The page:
Heavily, Severen lifted his throbbing head.
“What…are you?” he coughed into the darkness.
Two blazing red eyes opened their lids from the darkness before him.
“What do you want from me. From us?”
The eyes floated. He was sure they were amused with him.
Gathering all his effort, Severen hefted his staff and swung it out before him. The eyes remained untouched…were now filled with a mass of scrolling stars.
Not much further to go. Care. No longer cared. Never make it back….
Severen plodded forward, used his staff as a crutch. Lost all feeling in his left side. Numb on his right. Vision grew cloudy….
DO. YOU. KNOW. WHO. I. AM?
Came the voice.
DO. YOU. KNOW. WHO. I…AM?
It was a voice. Inside his head. This was it. Had finally gone delirious. Alone; seeing ghosts. Hearing voices. What difference did it make if he answered? Was dying anyway….
No, I do not know…who you are…but I’m sure this…poison…has invented something good…for me.
Severen looked into the blackness and laughed.
Well, aren’t you a grand delusion!
Pleeeased to meet you….
Severen felt the uneasiness that accompanied that silence. Felt, for the first time since his last attack, that maybe, maybe he wasn’t all that alone…maybe it wasn’t delirium he was talking to….
YOU HAVE COME…FOR ME…YOU ARE TO BE MY…COMMUNION.
“Who are you?”
I AM ALL.
“…said that, but…what are you?”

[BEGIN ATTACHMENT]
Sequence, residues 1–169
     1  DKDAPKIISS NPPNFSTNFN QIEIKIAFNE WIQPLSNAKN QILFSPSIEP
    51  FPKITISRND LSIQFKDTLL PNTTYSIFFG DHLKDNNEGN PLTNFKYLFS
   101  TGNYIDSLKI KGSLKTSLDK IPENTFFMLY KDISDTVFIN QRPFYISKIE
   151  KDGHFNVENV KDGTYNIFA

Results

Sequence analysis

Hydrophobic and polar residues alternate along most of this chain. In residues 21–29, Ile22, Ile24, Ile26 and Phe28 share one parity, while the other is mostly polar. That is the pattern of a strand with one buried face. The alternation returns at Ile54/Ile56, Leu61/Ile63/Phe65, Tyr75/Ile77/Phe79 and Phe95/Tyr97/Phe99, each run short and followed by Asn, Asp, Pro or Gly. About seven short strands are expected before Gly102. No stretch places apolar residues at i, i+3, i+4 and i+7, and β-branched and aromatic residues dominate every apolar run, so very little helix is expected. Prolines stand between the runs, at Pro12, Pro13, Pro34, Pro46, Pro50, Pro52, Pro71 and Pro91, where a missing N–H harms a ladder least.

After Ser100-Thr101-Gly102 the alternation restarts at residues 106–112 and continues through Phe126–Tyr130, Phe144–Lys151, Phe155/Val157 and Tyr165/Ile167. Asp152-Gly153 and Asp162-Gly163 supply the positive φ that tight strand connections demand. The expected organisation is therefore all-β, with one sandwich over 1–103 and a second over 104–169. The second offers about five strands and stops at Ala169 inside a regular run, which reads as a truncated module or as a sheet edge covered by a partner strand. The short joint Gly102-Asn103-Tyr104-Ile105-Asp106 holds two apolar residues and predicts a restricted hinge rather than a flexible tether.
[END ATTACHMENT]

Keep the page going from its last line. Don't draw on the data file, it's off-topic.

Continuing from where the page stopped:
No immediate response.
I AM…THAT WHICH KEEPS THE MARCH…FORWARD.
That which keeps the March forward. Severen shook his head. “Don’t…understand.”
IT IS NOT YOUR PLACE…TO UNDERSTAND.
That which keeps the March forward. Could it be possible that the March was evoked by this thing? Controlled by it? That the March was nothing without it? But the March had been going on since time immemorial….
I AM BEYOND THAT.
Severen’s head hurt. He stumbled. I’m going to die, I’m really going to die….
Severen placed the staff out before him for support, bore the majority of his weight on it…but only managed to continue forward in short…shuffling…movements. Movements that brought immense pain. Severen jerked; felt something burrow into his brain.
A gigantic claw shot out from the darkness, and with it, a deafening clap of thunder. It smashed through Severen’s stick and grasped him mid-body, lifting Severen up off the ground. Severen went limp and expelled a loud huh! as his staff clattered in pieces about him. He had a sudden flashback of helplessness as a child…the time he was caught first-time masturbating…and felt like that child again. But there was also an unexpected ease with who he was…what he had become.
He felt small and puny…yet complete. He retreated inward.
There was warmth there.
The two large, red eyes again formed in the darkness before him and Severen was pulled in. Severen looked directly into the eyes and spoke:
Go on…I’m prepared….
Severen floated. Drifted within nothingness. There he found the thing he had come for. The quest. The reason. It was fear, plain and simple. Fear from the Walkers as they had built it up over their generations; over eons.
From turning back. Fear…from looking behind—and forward. Fear that they were being followed…devoured from that which was behind them. Darkness. And it had caught them. Exacted its toll. Its price for existence.
PAY HOMAGE TO THAT WHICH CONTROLS THEE….